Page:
The Psychlos have been the dominant species across multiple galaxies for hundreds of thousands of years.

With cruel arrogance, they have conquered thousands of planets to strip these worlds of their minerals and elements—in particular gold, which they value above all others.

The Psychlos were once nonviolent miners, but the catrists, their ruling class, made the workers warlike and cruel. And the Psychlos had no intention of asking humans for permission to mine Earth’s mineral deposits.

Instead, they take Earth’s most precious natural resources by force; killing most of humanity, leaving only a small band of human survivors.

The survival of Homo sapiens against a seemingly unstoppable alien enemy in some ways can be seen to parallel humankind’s battle against the coronavirus that we are fighting today.

In both Battlefield Earth and the reality on Earth in the year 2020, we are fighting for our lives against a deadly enemy.

L. Ron Hubbard believed humans have the courage, strength, and intelligence to combat and overcome any threat, whether giant monsters from outer space or new microbes that evolve naturally or are made in a laboratory.

In Battlefield Earth, the Psychlos cannot breathe our atmosphere. They wear canisters of a gas mixture they can breathe, just as a scuba diver wears an oxygen tank underwater.

Jonnie Goodboy Tyler, the hero of Battlefield Earth, releases some of the Psychlo breathe-gas in a radioactive area—and the radiation causes the gas to explode.

Then Jonnie finds a small sample of uranium, and when it comes into direct contact with Psychlo breathe-gas, he makes an amazing discovery: the pure uranium explodes the gas with incredible force.

From gaining this knowledge, Jonnie and a small band of survivors devise a plan to defeat the Psychlos using uranium against them.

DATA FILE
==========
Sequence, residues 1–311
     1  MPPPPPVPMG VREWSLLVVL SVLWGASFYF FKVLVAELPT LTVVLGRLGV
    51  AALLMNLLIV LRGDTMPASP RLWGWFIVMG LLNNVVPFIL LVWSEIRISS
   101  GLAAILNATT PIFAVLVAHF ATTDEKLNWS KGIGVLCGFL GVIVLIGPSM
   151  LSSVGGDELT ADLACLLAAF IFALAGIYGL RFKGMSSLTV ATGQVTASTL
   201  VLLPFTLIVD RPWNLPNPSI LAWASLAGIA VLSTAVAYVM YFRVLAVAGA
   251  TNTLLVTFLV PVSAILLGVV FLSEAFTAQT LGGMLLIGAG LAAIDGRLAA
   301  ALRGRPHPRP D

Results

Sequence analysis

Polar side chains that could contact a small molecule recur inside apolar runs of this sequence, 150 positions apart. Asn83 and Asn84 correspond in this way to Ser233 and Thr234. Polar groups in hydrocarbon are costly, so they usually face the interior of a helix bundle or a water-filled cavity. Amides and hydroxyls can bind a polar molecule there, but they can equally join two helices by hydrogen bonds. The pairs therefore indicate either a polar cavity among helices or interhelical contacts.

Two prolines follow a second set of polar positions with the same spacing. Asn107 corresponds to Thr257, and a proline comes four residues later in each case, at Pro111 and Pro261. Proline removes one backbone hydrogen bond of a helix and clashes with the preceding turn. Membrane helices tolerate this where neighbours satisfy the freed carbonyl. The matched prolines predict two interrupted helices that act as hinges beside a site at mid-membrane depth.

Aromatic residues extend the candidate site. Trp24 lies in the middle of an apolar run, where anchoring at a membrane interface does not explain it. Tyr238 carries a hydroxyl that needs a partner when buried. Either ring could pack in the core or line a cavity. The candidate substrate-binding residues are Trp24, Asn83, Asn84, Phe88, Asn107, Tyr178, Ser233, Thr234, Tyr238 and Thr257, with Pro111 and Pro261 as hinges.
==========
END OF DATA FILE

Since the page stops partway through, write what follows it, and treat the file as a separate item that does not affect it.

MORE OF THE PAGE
As Mr. Hubbard, explained,

Battlefield Earth is a statement about the human condition and the human spirit.”

“In Battlefield Earth, there is an advanced technology but it is the technology of the aliens who have conquered Earth and virtually wiped out humanity. Pitted against this is the Human Spirit … [and] the Human Spirit prevails.”

If he were alive today, Mr. Hubbard would, I believe, be optimistic about the Human Spirit prevailing against the coronavirus. We’ve already survived horrific World Wars and many previous pandemics. As he also wrote,

“Man can survive. That is the story.”

The COVID-19 pandemic has been predicted to be one of the worst disasters in human history. L. Ron Hubbard believed the Human Spirit can overcome any danger, disaster, or threat to us and our planet.

So far, he has been proven right—and rest assured, he will be in the case of COVID-19, too.

If you have not yet read it, don’t forget to download the first 13 chapters or listen to the first hour. Warning: once you start, you won’t want to put it down.

Robert Bly holds a BS in chemical engineering and has been a full-time freelance writer since 1982. His more than 100 books include The Ultimate Unauthorized Star Trek Quiz Book (HarperCollins), The Science in Science Fiction (BenBella), and a collection of science fiction short stories Freak Show of the Gods and Other Tales of the Bizarre (Quill Driver Books). Bob has written over 100 articles for publications including Cosmopolitan, City Paper, Writer’s Digest, The Record, and Target Marketing. His Sci-Fi web site is www.sciencefictionprediction.com